The Power of a Bad Idea 

Howell Cobb (1815-1868). (Photo By Encyclopaedia Britannica/UIG/Getty Images)

Howell Cobb had quite a résumé: speaker of the House, governor of Georgia, and secretary of the treasury. 

He was also the author of a widely read and influential book, which he penned in between leaving the governor’s mansion and his return to Washington for his Cabinet post: A Scriptural Examination of the Institution of Slavery in the United States.

“African slavery is a punishment inflicted upon the enslaved, for their wickedness,” he wrote in 1856. “Slavery, as it exists in the United States, is the Providentially-arranged means whereby Africa is to be lifted from her deep degradation, to a state of civil and religious liberty.”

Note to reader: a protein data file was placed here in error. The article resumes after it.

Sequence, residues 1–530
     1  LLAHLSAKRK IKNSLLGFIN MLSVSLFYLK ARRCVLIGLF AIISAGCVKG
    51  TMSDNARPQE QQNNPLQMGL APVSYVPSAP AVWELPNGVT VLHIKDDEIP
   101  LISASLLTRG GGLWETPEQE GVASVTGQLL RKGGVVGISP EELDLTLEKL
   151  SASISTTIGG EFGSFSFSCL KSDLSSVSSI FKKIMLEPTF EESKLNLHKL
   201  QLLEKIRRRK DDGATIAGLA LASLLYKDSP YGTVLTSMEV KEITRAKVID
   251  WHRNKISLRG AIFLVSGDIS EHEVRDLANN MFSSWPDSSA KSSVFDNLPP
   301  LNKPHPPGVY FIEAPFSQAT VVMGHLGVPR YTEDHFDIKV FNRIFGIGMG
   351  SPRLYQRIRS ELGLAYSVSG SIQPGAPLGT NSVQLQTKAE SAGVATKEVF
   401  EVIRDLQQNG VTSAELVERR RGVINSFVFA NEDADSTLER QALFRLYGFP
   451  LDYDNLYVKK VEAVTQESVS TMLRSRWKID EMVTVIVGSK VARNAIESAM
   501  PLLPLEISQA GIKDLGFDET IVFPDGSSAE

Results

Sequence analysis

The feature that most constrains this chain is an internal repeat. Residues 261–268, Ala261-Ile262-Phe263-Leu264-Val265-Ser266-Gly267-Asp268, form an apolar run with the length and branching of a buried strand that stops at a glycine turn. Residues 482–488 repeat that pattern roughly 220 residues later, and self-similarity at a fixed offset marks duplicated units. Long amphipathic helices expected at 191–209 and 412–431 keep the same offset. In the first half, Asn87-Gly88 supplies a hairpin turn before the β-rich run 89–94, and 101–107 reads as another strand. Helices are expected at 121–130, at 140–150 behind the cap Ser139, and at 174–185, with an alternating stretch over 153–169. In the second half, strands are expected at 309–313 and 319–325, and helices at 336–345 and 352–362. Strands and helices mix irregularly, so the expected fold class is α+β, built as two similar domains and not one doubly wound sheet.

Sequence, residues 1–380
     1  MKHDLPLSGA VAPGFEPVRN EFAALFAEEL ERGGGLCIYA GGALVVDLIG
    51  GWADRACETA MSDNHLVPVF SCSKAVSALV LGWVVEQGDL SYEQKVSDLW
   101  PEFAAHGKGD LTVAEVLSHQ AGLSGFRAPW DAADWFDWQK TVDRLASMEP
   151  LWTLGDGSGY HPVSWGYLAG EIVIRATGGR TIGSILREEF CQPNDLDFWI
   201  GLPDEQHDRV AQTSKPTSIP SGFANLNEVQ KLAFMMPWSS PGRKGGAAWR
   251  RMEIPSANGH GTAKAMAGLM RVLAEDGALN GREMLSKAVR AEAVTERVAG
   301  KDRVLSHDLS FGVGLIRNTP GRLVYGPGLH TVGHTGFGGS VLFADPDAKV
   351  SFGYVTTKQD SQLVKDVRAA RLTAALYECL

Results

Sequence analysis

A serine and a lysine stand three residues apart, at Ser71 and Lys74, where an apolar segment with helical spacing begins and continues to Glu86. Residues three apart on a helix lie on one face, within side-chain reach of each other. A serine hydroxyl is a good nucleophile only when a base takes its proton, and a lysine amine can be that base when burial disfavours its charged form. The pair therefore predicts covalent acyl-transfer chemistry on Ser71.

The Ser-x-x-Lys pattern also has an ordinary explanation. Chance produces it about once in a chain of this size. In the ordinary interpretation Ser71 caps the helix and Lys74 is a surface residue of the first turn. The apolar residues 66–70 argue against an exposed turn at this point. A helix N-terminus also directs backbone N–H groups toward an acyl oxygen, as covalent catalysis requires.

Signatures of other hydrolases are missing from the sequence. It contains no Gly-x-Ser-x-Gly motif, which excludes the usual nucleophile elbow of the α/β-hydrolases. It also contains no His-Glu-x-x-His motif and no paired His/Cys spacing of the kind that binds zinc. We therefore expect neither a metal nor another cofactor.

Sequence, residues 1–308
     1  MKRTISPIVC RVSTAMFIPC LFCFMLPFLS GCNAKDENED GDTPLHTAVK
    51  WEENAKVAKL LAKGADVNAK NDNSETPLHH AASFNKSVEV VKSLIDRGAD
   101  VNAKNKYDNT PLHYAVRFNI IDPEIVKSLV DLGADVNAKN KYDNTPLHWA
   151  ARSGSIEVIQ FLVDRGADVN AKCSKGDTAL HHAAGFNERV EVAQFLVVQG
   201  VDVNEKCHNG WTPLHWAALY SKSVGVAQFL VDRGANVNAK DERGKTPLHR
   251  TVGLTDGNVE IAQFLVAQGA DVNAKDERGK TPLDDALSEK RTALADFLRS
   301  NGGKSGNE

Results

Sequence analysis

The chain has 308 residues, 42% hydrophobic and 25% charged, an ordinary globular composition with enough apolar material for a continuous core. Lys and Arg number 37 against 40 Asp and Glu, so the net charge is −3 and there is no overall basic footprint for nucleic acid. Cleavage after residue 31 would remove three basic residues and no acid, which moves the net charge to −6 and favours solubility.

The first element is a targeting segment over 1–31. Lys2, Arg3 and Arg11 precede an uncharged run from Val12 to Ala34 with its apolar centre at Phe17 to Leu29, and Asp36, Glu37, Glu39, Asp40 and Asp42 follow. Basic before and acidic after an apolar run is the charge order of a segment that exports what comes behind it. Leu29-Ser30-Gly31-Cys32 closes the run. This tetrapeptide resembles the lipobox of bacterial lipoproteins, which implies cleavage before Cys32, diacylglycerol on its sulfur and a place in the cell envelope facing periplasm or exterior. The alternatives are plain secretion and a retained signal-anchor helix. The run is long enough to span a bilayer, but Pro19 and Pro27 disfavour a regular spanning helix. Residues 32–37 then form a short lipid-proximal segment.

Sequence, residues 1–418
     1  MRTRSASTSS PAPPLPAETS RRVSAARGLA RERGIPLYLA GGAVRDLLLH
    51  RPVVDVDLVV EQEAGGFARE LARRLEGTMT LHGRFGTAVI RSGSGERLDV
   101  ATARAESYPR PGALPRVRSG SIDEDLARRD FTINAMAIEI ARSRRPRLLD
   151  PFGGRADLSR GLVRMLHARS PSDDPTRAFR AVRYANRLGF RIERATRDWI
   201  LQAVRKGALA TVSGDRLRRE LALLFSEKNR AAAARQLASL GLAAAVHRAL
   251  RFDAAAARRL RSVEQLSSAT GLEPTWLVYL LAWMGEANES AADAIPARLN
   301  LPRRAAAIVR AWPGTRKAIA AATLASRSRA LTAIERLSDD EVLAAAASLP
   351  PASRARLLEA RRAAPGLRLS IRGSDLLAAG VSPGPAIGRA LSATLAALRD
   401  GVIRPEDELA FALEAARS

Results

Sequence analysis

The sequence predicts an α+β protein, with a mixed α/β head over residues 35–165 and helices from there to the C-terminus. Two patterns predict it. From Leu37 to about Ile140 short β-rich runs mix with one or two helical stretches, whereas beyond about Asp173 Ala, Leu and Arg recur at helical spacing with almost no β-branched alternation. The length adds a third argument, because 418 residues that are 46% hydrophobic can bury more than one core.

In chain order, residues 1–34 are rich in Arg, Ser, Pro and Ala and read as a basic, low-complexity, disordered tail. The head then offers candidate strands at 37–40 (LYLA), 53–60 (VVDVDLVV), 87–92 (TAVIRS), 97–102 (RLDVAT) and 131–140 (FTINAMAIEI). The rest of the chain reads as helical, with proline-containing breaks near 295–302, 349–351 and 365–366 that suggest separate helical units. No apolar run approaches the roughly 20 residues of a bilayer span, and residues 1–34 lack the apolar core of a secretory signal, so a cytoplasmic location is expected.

Yes, Secretary Cobb would not only go on to be one of the founding fathers of the Confederacy, he was one of the chief architects of the moral case for a rebellion to protect slavery. If anybody ever tells you that the principal cause of the Civil War and object of the Confederacy was something other than the perpetuation of human bondage, you can send them over to the works of one of its leading intellectual forces, and his authoritative judgments on how the Bible commanded Americans to keep slaves.

Keep reading with a free account
Create a free Dispatch account to keep reading Get Started ALREADY HAVE AN ACCOUNT? SIGN IN
Comments (163)
Join The Dispatch to participate in the comments.
 
Load More